of boats come to Oriental, some tie up at the Town Dock for
a night or two, others drop anchor in the harbor for a while.
If you've spent any time on the water you know that every boat
has a story. The Shipping News on TownDock.net brings you the
stories of the boats that have visited recently.
Monday, May 28, 2007
Pelican - Pete Hill
posted 5/28/2007 02:18:00 PM
On March 6th Pete Hill pulled away from the Town Dock, bound for Brazil and then South Africa on board "Pelican", the Freedom 33 he'd bought late last year in Oriental.
Just as Pete's stay in town had been a quiet one -- he spent endless hours working on "Pelican" -- so too was his departure. There was little in the way of fanfare.
Yet this voyage would be his third major ocean passage in just over a year and "Pelican" the fourth boat Pete owned in that time.
The first of the four boats was "China Moon" a 38-foot catamaran Pete spent three years building in South Africa. He outfitted her with a junk rig, a style he says he likes for being "low tech" and "versatile."
Pete, a native of Lancashire, England, has been living on boats for more than thirty years and sailing junk rigs the majority of that time. His name is almost synonymous with junk rigs. So it was only natural that this catamaran would also have the Chinese sails.
What is it about them that has him putting junk rigs on his boats? "They're extremely easy to reef," Pete says, " and work well off the wind. You can tack thru 100 degrees, almost."
Pete and " China Moon" took off from Cape Town in March of 2002 and headed northwest in to the Atlantic. He sailed to Brazil, explored other coastlines in South America, taking the thin wood catamaran in to the icy waters of the Magellen Strait and Cape Horn. He sailed back to South Africa, then back to South America and then headed north.
By 2005, he was in the Chesapeake Bay and less enamoured of "China Moon."
It wasn't the junk rig.
It was that the catamaran had too many hulls.
"The boat was too big," Pete says. While having too much space on a sailboat is a scenario few have encountered, Pete didn't see it as a benefit. Sailing solo, he found that he could do all his living in just one of the hulls and from that perspective, the other hull was just something unnecessary that he had to maintain. "I didn't have enough money, " he notes, "to run it properly."
So he put "China Moon" up for sale, and set his mind to smaller monohauls. In particular, he was looking for a boat under 30 feet so that he could enter the 2006 Jester Challenge.
The Jester Challenge evolved from the first single-hander trans-Atlantic races that began almost 50 years ago. In 1960, the first race from England to New York was won by Sir Francis Chichester's Gipsy Moth II. Coming in second in that race, was a 25-foot junk-rigged Folkboat named "Jester". The races were run every four years and "Jester" was in all of them, until sinking in 1988 off of Nova Scotia; a replica took part in the races until 1996. But the race had changed and at some point, Pete Hill says, they stopped allowing boats under 30 feet.
All of which was the inspiration for the Jester Challenge. It's a trans-Atlantic race -- but not really a race, Pete notes -- for the more humble under-30-foot boats. Pete Hill says says he first learned of the Jester Challenge while sailing a few years ago in Bermuda. The double appeal to Pete Hill seems obvious -- a race named after a boat with the junk-rig he so liked, and crossing the Atlantic in a small boat with no wasted space.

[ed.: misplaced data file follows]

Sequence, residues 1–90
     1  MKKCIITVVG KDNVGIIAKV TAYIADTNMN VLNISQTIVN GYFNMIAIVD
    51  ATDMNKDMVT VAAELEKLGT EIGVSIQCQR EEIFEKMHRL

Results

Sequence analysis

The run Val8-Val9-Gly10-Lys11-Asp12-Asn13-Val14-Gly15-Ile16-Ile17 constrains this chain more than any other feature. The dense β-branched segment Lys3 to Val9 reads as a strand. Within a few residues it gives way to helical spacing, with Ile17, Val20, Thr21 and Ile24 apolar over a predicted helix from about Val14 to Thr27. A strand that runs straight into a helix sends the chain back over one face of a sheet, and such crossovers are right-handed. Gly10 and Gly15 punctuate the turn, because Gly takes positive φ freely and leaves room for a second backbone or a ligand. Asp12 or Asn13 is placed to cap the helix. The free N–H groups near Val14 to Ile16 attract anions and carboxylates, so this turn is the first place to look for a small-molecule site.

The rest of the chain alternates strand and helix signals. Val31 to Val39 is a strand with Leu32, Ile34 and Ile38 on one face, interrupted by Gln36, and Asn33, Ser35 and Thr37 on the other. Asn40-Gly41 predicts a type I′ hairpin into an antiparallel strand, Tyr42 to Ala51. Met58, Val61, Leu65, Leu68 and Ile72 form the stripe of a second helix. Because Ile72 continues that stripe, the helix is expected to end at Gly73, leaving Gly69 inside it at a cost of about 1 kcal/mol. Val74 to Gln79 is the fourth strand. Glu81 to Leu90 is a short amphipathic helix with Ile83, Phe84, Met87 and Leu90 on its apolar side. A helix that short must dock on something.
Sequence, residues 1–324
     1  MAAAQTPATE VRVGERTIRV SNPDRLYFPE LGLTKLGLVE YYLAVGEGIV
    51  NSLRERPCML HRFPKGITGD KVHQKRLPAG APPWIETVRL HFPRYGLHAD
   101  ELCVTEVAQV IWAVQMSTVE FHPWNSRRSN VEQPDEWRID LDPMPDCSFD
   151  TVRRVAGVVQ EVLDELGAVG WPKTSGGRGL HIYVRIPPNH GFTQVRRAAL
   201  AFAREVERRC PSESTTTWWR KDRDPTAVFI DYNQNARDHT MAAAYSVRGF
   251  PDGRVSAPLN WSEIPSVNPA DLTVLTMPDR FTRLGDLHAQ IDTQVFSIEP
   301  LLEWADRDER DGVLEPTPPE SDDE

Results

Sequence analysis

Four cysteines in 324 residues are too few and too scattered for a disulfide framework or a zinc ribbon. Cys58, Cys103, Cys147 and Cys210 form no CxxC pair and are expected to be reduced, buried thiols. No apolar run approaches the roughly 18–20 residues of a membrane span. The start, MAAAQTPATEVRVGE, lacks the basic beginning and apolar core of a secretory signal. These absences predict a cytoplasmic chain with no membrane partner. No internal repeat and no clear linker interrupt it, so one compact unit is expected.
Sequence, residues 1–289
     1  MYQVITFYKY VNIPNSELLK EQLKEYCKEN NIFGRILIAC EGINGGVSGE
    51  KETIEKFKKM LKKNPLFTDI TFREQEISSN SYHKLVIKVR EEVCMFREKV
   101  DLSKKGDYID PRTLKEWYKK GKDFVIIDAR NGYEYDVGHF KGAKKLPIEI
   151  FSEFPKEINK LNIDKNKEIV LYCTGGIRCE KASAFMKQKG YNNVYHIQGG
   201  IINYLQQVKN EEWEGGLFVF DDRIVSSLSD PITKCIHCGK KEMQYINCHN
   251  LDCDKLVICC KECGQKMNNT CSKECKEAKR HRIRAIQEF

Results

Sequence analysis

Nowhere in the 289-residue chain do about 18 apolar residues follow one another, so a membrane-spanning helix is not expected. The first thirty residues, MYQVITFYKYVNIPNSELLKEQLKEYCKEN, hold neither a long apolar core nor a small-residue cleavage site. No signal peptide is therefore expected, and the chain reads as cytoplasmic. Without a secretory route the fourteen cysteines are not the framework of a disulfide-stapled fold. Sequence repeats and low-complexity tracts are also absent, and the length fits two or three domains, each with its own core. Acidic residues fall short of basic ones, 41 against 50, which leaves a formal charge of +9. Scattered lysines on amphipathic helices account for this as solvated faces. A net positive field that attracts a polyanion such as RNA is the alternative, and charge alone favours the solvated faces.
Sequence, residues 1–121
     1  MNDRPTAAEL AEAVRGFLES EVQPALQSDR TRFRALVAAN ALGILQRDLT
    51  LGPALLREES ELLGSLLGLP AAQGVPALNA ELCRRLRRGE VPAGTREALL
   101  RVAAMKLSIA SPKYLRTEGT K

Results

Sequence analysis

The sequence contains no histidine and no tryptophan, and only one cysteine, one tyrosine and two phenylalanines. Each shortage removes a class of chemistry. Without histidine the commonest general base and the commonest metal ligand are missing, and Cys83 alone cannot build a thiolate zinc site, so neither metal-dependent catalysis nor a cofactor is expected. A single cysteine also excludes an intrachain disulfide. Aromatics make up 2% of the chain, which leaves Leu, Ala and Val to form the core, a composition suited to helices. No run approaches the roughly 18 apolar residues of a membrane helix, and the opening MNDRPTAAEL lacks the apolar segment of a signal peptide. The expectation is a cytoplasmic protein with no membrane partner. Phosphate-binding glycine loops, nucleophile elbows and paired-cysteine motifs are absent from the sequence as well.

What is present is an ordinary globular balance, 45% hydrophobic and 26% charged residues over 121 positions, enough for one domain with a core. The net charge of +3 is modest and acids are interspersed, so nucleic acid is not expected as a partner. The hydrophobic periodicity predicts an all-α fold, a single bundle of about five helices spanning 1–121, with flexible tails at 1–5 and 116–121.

In the Chesapeake Bay area in 2005, Pete bought -- "cheaply" he says -- a 27-foot boat to race in the Jester Challenge figuring he had plenty of time to prep it for the start in June 2006.
But then a buyer came through for "China Moon".
Normally, selling a boat you didn't want would seem to remove one complication from life.
Thing is, the boat buyer wanted to know if Pete could deliver the boat.
So, he set off for the island off the southern coast of Australia and arrived there with "China Moon" around Easter of 2006.
The Jester Challenge was less than two months away. As Pete puts it, the boat delivery meant that he was "losing the plot.".
There was no time to go to the Chesapeake and get the boat to England in time for the start of the race.
So -- and this is where Boat Number Three comes in -- he bought, sight unseen, a 22-foot Kingfisher already in England. He flew there from Tasmania and went from owning a catamaran with two hulls, to a monohull with two keels. It was he says, "a tubby cruiser."
He had six weeks to prepare "Shanti". "I was working like an idiot, getting it ready" for the race, he says.
The Jester Challenge began on June 4th. 14 boats had signed up. About 10 set out from Plymouth, England. One of the boats, Pete recalls, dropped out after a few minutes, the captain of that boat promptly proposing marriage to his girlfriend. Most of the other boats fell away from the race in coming weeks because of the nasty weather in the North Atlantic.
Pete, on the other hand, had taken a more southerly course toward the Azores and kept away from the storms and the fog. In the end, he was one of only two boats that made it to Newport. The winner -- a 30-foot racing boat -- took 32 days. Pete arrived in Narragansett Bay 11 days later.
And so there he was, as Pete says, "in America with two boats." Boats have been his home since the mid-70s' but he didn't want to live on either of them. He put them up for sale and looked for a somewhat bigger boat to live on, one that he could easily make in to a junk rig. He found a Freedom 33. It was a two-masted catboat, not a catamaran, and importantly for Pete, its carbon fiber "masts were in the right place" for a junk rig conversion.
And that's why he ended up in Oriental late in 2006. He bought the Freedom 33, the "Kathleen C" , which many passersby at Triton Cove Marina and Sailcraft may recall seeing on the hard for some time.